|Review: Nonexistence - Nihil|
Label: Twilight-Vertrieb Records
Year released: 2007
Review online: August 28, 2007
Reviewed by: Lars Christiansen
Rated 4.5/5 (90%) (2 Votes)
Well, even after a few listens, this little baby had me well and truly fucked when trying to decide on the genre, forcing me to opt for the big, fat, comfortable 'unclassifiable' option. Hailing from Austria, Philip Santoll is the brains behind Nonexistence, and if his influences are anything like the music he plays here, he's got a cubic light year of albums from multiple metal genres to pick through every time head heads to stick on an album.
Somehow, and rather impressively I might add, 'Nihil' manages to mix the eclectic verve of Arcturus and Solefald without getting too 'out there', with the grass rooted symphonic black metal of early Emperor, whilst managing to mix in a few up tempo eastern styled death metal riffs and epic doomy arrangements of early Katatonia and Paradise Lost. And if you can imagine that being played in outer space, you're getting close to how this album sounds. Quite a fucked up mix eh? The surprising thing is, is that it actually works, and if there's one thing that definitely goes in Nonexistence's favor, it's that there's no way these guys could be mixed up for any of the aforementioned bands. Philip himself describes his music as 'Cosmic Doom Black Metal', and although I hate to say so (made up genres are generally cretinous in my opinion) that's as close an estimation as you'll get when summing the music up in less than five words. The guy even has a varied vocal style, ranging from a throaty black metal rasp, to a Karl Sanders-like roar, to a clean chorus-soaked croon, all interchanging dependant on which riff they happen to be soaring over. The best thing for me, is the great 'all-encompassing' feeling surrounding the whole album, which I guess is where the whole 'cosmic' part comes into play, with synthesizers draping softly over the riffwork like a shroud, adding a darker feeling to the majority of the songs.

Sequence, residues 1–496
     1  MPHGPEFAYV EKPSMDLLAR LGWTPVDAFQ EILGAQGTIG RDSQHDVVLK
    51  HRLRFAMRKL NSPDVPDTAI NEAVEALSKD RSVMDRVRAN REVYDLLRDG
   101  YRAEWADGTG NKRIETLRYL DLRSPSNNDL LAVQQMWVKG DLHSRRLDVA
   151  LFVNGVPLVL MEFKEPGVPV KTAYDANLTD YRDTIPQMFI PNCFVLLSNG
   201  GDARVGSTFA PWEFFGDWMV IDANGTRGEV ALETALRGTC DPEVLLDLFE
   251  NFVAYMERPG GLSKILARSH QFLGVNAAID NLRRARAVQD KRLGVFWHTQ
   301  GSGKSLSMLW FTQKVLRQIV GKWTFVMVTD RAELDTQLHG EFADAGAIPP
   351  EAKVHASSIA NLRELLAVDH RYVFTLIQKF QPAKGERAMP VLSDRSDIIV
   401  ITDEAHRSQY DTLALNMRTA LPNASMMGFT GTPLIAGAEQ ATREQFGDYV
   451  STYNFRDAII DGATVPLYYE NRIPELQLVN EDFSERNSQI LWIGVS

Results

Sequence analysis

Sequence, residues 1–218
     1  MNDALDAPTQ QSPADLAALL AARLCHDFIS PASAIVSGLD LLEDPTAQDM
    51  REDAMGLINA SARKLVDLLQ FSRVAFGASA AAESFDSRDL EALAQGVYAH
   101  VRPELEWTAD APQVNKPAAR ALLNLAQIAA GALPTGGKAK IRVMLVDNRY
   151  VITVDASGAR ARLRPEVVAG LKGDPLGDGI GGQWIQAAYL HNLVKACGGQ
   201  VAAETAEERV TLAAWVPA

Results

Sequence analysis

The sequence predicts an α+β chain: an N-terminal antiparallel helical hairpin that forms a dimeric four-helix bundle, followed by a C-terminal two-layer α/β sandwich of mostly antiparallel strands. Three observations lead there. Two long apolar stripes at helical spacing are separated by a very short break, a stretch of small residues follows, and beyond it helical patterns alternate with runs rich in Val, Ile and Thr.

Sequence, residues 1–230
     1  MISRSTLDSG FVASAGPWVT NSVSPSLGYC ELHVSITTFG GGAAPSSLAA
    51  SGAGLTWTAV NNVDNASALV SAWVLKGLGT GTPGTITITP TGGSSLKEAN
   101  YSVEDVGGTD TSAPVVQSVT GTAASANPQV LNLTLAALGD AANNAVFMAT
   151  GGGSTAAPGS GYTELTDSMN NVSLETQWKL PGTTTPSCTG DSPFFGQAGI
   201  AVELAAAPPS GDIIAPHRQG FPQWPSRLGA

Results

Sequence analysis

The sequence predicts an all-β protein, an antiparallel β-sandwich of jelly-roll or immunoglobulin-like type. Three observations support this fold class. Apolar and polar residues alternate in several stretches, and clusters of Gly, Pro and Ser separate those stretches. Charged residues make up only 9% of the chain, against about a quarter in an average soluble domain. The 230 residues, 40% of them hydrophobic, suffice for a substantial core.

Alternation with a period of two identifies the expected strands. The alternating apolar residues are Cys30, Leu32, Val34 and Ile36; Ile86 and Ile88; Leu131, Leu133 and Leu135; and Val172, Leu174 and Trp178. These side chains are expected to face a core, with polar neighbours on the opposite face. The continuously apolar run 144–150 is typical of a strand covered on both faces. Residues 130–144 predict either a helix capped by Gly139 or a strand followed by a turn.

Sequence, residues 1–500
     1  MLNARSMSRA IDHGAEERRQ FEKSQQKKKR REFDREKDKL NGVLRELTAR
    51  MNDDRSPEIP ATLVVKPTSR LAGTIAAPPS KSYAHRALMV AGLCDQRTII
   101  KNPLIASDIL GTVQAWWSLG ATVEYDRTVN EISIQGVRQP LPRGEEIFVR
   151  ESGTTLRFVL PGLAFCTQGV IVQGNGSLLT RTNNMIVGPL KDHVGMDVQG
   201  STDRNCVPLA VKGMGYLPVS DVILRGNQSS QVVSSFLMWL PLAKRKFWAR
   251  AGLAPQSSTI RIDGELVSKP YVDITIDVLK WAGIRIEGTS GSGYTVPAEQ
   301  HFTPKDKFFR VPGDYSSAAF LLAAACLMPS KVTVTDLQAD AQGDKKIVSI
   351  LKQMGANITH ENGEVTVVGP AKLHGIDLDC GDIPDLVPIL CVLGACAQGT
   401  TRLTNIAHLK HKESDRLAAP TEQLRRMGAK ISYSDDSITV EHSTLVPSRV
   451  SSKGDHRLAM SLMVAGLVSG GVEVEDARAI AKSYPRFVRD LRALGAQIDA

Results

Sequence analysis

For a one man project, this is pretty impressive stuff and I for one would be interested to hear what the guy can come up with next. Well worth checking out for those who can appreciate talented musicianship without being hindered by the boundaries of genres in their metal.
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